US 742898 A
Description (OCR text may contain errors)
No. 742,898. PATENTBD NOV. 3, 1903. W. A. PAGE 8: F. L. .0. WADSWORTH. MANUFACTURE OF SHEET GLASS.
APPLICATION FILED MAY 10, 1902.
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- No. 742,898. PATENTED NOV. a, 1903.
w. A. PAGE & PJL. 0. WADSWORTH. v
MANUFACTURE OF SHEET GLASS APPLICATION FILED MAY 10, 1902.
NO MODEL. 4 SHEETSSHEET 2- WITNESSES INVENTORS m: mums vzrzns cc. movou'mov, WASHINGTON, u. c.
, PATENTED NOV. 3, 1903. w. A. PAGE & F. L. 0. WADSWORTH.
MANUFACTURE 01:" SHEET GLASS.
APPLICATION FILED MAY 10, 1902.,
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I IH HI I I I IH H l l wl l h h mvsm'ons Y A W ma "cums Pzrtns cc, PHOTO-LITHO.. WASHINGTON-B c No. 742,898. PATENTED NOV. 3, 1903. W. A. PAGE & F. L. 0. WADSWORTH. MANUFACTURE OF SHEET GLASS. APPLIGATION FILED MAY 10, 1902. N0 MODEL. 4 SHEETSSHEET 4.
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UNITED STATES Patented November 3, 1903.
WILLIAM A. PAGE, OF OAKPARK, ILLINOIS, AND FRANK L. O. WADSWORTH, OF ALLEGHENY, PENNSYLVANIA, ASSIGNORS TO PRESSED PRISM PLATE GLASS COMPANY, OF MORGANTOWN, WEST VIRGINIA, A CORPORATION OF WEST VIRGINIA.
MANUFACTURE OF SHEET-GLASS.
SPECIFICATION forming part of Letters Patent No. 742,898, dated November 3, 1903.
Application filed May 10, 1902. Serial No. 106,733. (No specimens.)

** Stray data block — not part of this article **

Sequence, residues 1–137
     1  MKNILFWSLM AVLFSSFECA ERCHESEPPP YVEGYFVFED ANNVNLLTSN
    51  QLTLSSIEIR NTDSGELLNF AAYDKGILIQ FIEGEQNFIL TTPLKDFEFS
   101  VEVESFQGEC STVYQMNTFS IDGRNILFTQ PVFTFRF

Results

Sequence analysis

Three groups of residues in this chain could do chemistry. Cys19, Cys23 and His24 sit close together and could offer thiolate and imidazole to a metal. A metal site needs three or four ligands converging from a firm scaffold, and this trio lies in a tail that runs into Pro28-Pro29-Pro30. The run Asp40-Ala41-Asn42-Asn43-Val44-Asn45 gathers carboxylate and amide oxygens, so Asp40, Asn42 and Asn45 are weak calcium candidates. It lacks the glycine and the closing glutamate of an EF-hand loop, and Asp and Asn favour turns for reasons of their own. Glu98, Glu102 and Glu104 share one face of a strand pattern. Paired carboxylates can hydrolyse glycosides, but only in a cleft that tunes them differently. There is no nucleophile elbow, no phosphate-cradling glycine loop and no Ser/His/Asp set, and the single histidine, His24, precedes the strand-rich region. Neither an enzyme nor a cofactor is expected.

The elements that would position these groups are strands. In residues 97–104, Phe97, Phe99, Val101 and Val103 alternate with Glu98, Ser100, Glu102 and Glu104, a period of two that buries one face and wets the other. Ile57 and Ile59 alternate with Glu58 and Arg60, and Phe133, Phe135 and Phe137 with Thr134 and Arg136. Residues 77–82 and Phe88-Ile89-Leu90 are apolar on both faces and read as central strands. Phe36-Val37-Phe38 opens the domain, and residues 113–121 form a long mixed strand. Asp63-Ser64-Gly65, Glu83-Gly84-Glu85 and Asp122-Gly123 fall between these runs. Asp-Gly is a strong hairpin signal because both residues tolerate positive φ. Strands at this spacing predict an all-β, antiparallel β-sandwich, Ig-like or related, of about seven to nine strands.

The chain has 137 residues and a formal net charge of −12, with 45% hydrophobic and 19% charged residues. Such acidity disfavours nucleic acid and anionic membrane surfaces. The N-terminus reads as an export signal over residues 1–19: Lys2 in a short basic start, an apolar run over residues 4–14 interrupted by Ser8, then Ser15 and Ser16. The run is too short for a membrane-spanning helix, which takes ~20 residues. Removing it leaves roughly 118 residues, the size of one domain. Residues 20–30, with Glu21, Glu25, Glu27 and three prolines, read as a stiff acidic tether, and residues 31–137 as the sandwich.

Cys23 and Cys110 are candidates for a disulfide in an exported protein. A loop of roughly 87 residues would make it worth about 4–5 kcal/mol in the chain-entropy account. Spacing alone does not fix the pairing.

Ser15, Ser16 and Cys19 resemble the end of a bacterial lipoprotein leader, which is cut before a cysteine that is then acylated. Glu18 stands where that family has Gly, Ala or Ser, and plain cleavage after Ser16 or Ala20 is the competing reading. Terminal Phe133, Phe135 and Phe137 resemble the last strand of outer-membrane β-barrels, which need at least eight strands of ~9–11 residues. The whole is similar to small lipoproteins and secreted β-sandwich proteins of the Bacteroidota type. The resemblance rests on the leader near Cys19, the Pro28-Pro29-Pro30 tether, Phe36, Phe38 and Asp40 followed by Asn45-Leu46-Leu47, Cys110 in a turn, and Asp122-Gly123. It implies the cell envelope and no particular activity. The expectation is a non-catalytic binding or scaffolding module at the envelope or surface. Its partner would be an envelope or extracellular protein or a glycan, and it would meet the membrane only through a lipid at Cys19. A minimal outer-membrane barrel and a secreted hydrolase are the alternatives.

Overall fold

To aZZ whom it may concern.-
Be it known that we, WILLIAM A. PAGE, of Oakpark, in the county of Cook and State of Illinois, and FRANK L. O. WADSWORTH, of
Allegheny, in the county of Allegheny and State of Pennsylvania, have invented a new and useful Improvement in the Manufacture of Sheet-Glass, of which the following is a full, clear,and exact description,reference bero ing had to the accompanying drawings, forming part of this specification, in which- Figure 1 is a side elevation showing one form of apparatus constructed in accordance with our invention. Fig. 2 is a top plan View of the same, partly broken away. Figs. 3 and 4 are respectively partial cross-section and a partial longitudinal section, on a larger scale. Figs. 5 and 6 are diagrammatic sectional views showing modifications, and Figs.
7 and 8 are cross-sections on the lines VII VII and VIII VIII of Fig. 5.
Our invention relates to the making of sheet-glass by rolling and is designed to provide an improved method of and apparatus for rolling sheet-glass, whether plain or figured, on one or both sides.
In the drawings, referring to the form of Figs. 1 to 4, inclusive, 2 represents a supporting-frame, which we have shown as mounted on wheels 3. The side members 4 4 of the frame are provided with tracks or slideways in which slide the shoes 5 at the sides of the moving table 6. This table is hollow and is provided in its top with a series of small per- 3 5 forations leading downwardly into the cavity 7. A vacuum-pump is connected to the interior of the table by means of a pipe 8, having a three-way cock 9 and leading to a pair of stationary branch pipes 10, which project 4o through the end of the table and through a rectangular cross-head 11, which fits within the cavity 7 and is provided with suitable packings 12. The glass-forming rollers 13 and 14 are mounted on shafts 15 and 16.